How to Write an Artist Contract

artist contract tips

It’s fine to seal the deal with a handshake, but make sure you have a contract!

So you’ve finally landed a gallery or a dream illustration job—what next? A contract. I know, it’s not as exciting as thinking about your exhibit layout or the perfect illustration, but a good artist contract will save all involved parties a lot of grief by clarifying every aspect of your agreement. Keep reading below for the third part of our “How to Stay on Track & Get Paid” series, covering tips for writing an artist contract. You can also find negotiation strategies and contract examples in this article by Ilise Benun.

Keep creating and good luck!

What Goes in a Contract?

Contracts are simply business tools used to make sure everyone agrees on the terms of a project. Ask for one any time you enter into a business agreement. Be sure to arrange for the specifics in writing or provide your own. A letter stating the terms of agreement signed by both parties can serve as an informal contract. Several excellent books, such as Legal Guide for the Visual Artist and Business and Legal Forms for Illustrators, both by Tad Crawford (Allworth Press), contain negotiation checklists and tear-out forms, and provide sample contracts you can copy. The sample contracts in these books cover practically any situation you might encounter.

The items specified in your contract will vary according to the market you’re dealing with and the complexity of the project. Nevertheless, here are some basic points you’ll want to cover:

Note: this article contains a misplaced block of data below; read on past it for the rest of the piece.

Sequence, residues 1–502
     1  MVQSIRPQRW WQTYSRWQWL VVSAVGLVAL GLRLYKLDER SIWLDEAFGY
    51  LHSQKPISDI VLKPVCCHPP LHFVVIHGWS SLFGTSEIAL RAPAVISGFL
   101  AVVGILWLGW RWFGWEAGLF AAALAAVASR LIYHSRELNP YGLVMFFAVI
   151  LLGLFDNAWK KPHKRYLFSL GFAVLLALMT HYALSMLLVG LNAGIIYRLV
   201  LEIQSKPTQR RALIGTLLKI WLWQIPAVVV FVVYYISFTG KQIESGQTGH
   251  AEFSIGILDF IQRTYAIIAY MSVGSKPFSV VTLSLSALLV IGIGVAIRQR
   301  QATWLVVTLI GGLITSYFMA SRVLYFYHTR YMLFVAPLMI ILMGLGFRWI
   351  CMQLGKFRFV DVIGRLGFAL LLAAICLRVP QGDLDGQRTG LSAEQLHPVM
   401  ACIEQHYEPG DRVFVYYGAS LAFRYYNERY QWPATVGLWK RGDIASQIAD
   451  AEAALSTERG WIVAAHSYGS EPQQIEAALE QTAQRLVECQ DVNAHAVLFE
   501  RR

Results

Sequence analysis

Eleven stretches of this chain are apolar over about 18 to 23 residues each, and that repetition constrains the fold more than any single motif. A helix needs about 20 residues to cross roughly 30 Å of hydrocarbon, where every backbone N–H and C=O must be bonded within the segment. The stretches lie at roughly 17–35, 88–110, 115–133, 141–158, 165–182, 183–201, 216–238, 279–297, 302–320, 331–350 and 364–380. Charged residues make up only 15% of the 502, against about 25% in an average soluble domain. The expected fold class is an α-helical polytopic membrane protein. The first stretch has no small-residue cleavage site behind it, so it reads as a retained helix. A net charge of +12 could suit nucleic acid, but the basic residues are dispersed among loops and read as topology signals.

Commercial Contracts

•    A description of the service(s) you’re providing.
•    Deadlines for finished work.
•    Rights sold. Your fee. Hourly rate, flat fee, or royalty.
•    Kill fee. Compensatory payment received by you if the project is canceled.
•    Changes fees. Penalty fees to be paid by the client for last-minute changes.
•    Advances. Any funds paid to you before you begin working on the project.
•    Payment schedule. When and how often you will be paid for the assignment.
•    Statement regarding return of original art. Unless you’re doing work for hire, your artwork should always be returned to you.

Gallery Contracts

•    Terms of acquisition or representation. Will the work be handled on consignment? What is the gallery’s commission?
•     Nature of the show(s). Will the work be exhibited in group or solo shows or both?
•    Timeframes. If a work is sold, when will you be paid? At what point will the gallery return unsold works to you? When will the contract cease to be in effect?
•    Promotion. Who will coordinate and pay for promotion? What does promotion entail? Who pays for printing and mailing of invitations? If costs are shared, what is the breakdown?
•    Insurance. Will the gallery insure the work while it is being exhibited and/or while it is being shipped to or from the gallery?
•    Shipping. Who will pay for shipping costs to and from the gallery?
•    Geographic restrictions. If you sign with this gallery, will you relinquish the rights to show your work elsewhere in a specified area? If so, what are the boundaries of this area?


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